Here’s a rough sketch of what my contribution (in the physical gallery space) might look like when it opens at the MCA towards the end of next week. (My bit is the dark shaded bit).
In a bold and curious curatorial move, my work will be placed in the “resource room”. This room, at the top of the stairs on the third floor, is often used as a place for browsing books or watching documentaries: supplementary material about the exhibition, within the exhibition.
Here’s a sketch of the whole show, with the location of each artist’s work indicated by their name in black:
Several weeks ago, when Glenn first told me that I’d be in the resource room, I was a bit resistant – I thought that my Audit project should be allocated its own “legitimate” space within the show.
But since then, I’ve grown to like the idea of being in there with the supplementary info. Gallery visitors can snuggle into a couch, dive into a book, get their paws on this auxillary stuff which isn’t precious. (You should see the “exhibition copies” of the books and catalogues after a few months in the show – they get totally filthy and their spines crack apart from use).
So, in a way – as a project which operates as a reflection on the exhibition, but which is also a work within the exhibition, I think the resource room is just right for me.
During the run of the show (From August 20 to October 31), I’ll be delivering and pinning up one print per week in my resource-room home. I envisage that these prints (which I’ll be making on the Big Fag Press) will consist of the diagrams which have been evolving as I struggle to come to grips with all the inputs and outcomes of various aspects of the show (including my own processes).
So it’ll be one of those pieces that grows over the course of ten weeks, rather than being already complete at the time of the launch. (There is of course a tradition of this sort of thing. Continuous Project Altered Daily (1969) by Robert Morris, and Allan Kaprow’s Push and Pull (1964) are two of my faves amongst many).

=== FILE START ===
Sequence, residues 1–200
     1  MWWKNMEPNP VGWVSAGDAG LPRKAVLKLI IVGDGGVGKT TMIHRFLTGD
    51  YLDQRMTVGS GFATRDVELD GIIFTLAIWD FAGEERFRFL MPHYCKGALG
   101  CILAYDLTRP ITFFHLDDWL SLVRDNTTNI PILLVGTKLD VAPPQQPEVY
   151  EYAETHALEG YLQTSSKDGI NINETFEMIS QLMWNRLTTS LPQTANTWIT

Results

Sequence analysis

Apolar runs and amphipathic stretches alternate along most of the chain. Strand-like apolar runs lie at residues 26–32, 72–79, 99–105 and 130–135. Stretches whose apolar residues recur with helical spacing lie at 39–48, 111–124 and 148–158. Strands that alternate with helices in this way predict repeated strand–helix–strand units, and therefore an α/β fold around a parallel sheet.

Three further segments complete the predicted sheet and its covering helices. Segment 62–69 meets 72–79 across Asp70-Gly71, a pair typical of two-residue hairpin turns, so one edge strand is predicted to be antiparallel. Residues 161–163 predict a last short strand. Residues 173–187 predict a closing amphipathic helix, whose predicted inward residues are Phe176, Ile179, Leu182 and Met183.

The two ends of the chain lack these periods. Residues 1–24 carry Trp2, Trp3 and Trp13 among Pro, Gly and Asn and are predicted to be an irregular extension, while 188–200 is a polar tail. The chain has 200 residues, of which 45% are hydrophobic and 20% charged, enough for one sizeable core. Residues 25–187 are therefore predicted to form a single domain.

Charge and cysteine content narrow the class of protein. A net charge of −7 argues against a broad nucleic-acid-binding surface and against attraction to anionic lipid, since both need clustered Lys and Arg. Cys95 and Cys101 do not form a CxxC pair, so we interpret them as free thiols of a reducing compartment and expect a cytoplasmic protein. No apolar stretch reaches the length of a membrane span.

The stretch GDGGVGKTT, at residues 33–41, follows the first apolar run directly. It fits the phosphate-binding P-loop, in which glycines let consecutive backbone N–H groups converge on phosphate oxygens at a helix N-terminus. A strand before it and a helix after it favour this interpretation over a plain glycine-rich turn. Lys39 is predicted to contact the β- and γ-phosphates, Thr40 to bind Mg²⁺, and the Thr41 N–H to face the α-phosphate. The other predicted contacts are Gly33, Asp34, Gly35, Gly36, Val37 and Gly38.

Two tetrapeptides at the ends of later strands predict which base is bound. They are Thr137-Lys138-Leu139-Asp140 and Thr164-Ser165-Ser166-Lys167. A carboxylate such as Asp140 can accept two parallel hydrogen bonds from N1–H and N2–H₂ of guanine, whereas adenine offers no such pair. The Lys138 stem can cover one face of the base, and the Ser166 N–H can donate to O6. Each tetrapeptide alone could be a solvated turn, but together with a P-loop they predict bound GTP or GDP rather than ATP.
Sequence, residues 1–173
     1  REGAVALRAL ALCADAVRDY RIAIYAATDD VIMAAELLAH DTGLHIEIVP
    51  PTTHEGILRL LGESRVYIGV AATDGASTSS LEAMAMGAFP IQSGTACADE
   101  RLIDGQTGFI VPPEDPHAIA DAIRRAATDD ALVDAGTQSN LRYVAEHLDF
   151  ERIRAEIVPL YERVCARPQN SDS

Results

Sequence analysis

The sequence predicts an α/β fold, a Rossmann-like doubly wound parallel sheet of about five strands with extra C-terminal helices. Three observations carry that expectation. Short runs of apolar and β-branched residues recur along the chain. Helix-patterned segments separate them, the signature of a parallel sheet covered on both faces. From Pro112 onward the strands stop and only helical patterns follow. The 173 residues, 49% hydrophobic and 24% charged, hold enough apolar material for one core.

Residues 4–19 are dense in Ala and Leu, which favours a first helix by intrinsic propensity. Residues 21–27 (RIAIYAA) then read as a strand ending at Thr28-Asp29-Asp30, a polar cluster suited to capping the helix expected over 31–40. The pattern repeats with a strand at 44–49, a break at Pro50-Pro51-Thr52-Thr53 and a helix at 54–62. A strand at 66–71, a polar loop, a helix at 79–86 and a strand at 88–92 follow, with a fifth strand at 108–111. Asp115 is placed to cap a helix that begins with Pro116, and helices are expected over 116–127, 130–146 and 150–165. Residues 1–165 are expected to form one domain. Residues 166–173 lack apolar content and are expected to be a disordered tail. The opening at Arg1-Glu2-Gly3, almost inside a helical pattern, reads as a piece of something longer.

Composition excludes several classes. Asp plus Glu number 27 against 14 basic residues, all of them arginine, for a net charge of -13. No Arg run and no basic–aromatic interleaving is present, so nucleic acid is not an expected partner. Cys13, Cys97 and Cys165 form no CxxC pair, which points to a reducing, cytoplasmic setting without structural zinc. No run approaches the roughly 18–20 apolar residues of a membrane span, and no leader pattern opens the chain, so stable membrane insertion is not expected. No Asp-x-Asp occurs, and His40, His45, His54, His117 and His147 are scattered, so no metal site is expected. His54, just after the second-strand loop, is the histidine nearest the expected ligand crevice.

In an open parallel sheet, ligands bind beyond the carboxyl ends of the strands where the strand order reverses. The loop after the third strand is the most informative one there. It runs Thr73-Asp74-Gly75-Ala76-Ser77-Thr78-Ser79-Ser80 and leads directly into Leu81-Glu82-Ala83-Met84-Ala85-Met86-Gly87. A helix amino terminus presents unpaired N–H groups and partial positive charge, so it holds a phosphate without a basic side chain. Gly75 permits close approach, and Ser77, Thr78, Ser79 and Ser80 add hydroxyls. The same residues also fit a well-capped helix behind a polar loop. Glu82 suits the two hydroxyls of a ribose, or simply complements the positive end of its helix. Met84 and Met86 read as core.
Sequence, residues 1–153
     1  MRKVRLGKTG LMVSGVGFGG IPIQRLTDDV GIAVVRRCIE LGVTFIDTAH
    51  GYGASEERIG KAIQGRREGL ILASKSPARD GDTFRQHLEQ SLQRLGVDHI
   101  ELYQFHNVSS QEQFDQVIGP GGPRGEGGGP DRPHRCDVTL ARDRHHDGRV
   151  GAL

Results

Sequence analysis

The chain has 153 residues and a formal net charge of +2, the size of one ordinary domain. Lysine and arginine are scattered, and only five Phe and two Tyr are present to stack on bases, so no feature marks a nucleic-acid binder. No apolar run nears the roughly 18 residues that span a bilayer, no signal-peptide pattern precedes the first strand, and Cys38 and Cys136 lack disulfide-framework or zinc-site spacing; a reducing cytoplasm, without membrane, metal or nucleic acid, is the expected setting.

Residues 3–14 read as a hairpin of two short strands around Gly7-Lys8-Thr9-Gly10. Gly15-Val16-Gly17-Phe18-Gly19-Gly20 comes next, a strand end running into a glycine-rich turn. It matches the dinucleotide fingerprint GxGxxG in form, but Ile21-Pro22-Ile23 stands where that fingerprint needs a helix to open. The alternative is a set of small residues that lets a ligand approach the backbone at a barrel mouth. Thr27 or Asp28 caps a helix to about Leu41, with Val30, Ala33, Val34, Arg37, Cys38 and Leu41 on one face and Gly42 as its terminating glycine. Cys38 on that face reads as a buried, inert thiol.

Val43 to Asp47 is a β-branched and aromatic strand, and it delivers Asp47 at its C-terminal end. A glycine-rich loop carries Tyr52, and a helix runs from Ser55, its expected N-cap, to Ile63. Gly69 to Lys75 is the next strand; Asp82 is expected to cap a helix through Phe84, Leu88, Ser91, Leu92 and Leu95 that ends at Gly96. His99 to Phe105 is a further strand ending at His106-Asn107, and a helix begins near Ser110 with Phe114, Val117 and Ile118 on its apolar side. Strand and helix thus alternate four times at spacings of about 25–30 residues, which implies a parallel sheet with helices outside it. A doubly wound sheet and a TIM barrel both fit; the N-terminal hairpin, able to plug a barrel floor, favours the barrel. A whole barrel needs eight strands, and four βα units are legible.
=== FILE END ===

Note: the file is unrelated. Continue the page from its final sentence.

The danger, of course, is that this kind of work might (quite rightly) seem a bit “empty” at the start of the show. For this reason, I’ve asked the MCA’s preparators to paint “my” walls with blackboard paint, which I will pin my prints onto. I can then chalk up further annotations surrounding each print, as well as info about the date and time that visitors might expect me to rock up and deliver the next print in the series.
I wasn’t sure what the MCA’s curatorial gang would think of this blackboard suggestion. However, they seem to like it (at least, they’ve “approved” it).
But this morning when I bailed up Glenn in the office he said “Yeah, it’s a good idea. But you can’t leave chalk in there”.
In other words, no chalk for visitors to use to write back to me.
Interlude: Just as I wrote these words, Glenn walked past my desk again. He pointed at the registration/conservation department, implicating them as the “baddies” in my chalk-ban. One of the problems with chalk in the gallery, of course, is that it can go walkabout (chalkabout?) and end up being used for mischief in more fragile artworks (thus rendering the chalk perilous from a conservation viewpoint).
How to get around this?
Artworks which are physically complete before the exhibition opens do not (within their own structures) allow gallery visitors to “speak back”. It’s a one-way communication. But a work like mine, which evolves during the time that the exhibition is live, can benefit from the wisdom (and suffer from the banality) of visitor talk-back. Of course, this can happen right here online through the blog. But chalking on a board is quite pleasurable, visceral, doesn’t require any technological savvy, you don’t need to construct full sentences, you can draw diagrams of your own, etc.
(It’s also a bit daggy. That’s a risk I’m quite happy to take.)
So the museum context, drawing thousands of visitors per week, is also precisely what makes it hard to do this kind of thing. What to do?